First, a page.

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Chy 4u1: Complicated Legacy Presentations

Autor:   •  April 19, 2018  •  Essay  •  1,105 Words (5 Pages)  •  203 Views

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CHY 4U1:  Complicated Legacy Presentations:

By this point, we have explored the purpose of presentations at the university level.  We have also considered the qualities of effective presentations.  Our rubric for this project is built around this consideration.

At the appropriate chronological point in our course, one or two students will present a Complicated Legacy project.  They will choose a single important figure from one of the following periods:  

  • Renaissance and Reformation
  • Scientific Revolution and Absolutism
  • Enlightenment
  • French Revolution and Napoleon
  • Industrial Revolution
  • Revolutions of 1848
  • American Civil War
  • The Rise of the Nation-State
  • Imperialism
  • Russia in 1905
  • WWI and Russian Revolution
  • WWII, China Moves Forward and British Decline
  • Post-WWII

Please note that, if students wish, there may be more than one presentation per era.  However, these presentations must present different icons.

Please note also that, although presentations may be done in pairs, students will receive individual marks.

Your presentation will likely have a very important anachronism:  digital slides, each of which will have a title that corresponds to their covered content.  Note that two slides should cover each section:

  1. Personal Life – These slides will outline the personal life of the chosen character and note how it shaped his/her views and thinking.  It will use four specific examples to make its argument.  To complete this section, examine your subject’s biography in relation to their views and perspectives on issues. Note key dates, events, and people.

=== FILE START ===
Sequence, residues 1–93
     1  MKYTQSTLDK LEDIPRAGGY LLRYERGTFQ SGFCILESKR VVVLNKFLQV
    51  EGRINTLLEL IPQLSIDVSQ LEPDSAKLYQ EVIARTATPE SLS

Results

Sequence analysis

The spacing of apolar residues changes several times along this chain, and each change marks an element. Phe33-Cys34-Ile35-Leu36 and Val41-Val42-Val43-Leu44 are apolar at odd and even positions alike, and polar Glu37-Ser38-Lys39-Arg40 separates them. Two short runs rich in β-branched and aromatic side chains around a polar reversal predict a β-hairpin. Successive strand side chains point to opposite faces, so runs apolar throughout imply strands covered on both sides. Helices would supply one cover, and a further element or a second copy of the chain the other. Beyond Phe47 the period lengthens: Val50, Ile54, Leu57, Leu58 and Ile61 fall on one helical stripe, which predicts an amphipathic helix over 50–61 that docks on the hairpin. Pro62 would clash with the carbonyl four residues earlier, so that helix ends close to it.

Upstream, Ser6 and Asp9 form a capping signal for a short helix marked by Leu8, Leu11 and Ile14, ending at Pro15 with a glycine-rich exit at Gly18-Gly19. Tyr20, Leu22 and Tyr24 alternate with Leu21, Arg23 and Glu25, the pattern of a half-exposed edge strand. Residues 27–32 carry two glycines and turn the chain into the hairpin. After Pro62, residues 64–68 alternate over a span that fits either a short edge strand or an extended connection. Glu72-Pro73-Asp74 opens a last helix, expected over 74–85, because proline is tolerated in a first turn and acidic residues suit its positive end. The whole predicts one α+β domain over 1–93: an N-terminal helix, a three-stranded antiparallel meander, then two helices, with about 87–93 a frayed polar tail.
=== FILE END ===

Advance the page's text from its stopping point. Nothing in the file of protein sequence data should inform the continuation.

1. Significance - These slides will outline the impact of your subject on the culture of their own time.  How did your subject impact their society?  How did others react/respond to your subject’s ideas?  How was your subject involved in improvements to or changes in society?
  1. Complexity – When your subject is explored through a modern lens, what issues emerge?  Why, in some circles, is this person poorly regarded in modern times?  Why, in other circles, are they still admired?
  1. Legacy – Choose a real, specific “monument” to your subject.  This could be a statue, a building, an object, or something.  Based on modern criteria, is this monument “acceptable”?  Why or why not?  How might this person be honoured further, but appropriately, in modern times?

Note that, following your seminar, your digital presentation, as well as a Chicago Style bibliography, must be submitted electronically.

Seminars should be around fifteen minutes in length.

        

Stages:

  1. Character and era chosen
  2. Students come to class prepared with a bibliography
  3. “Icon of Era” presentation takes place
  4. Post-seminar journals are submitted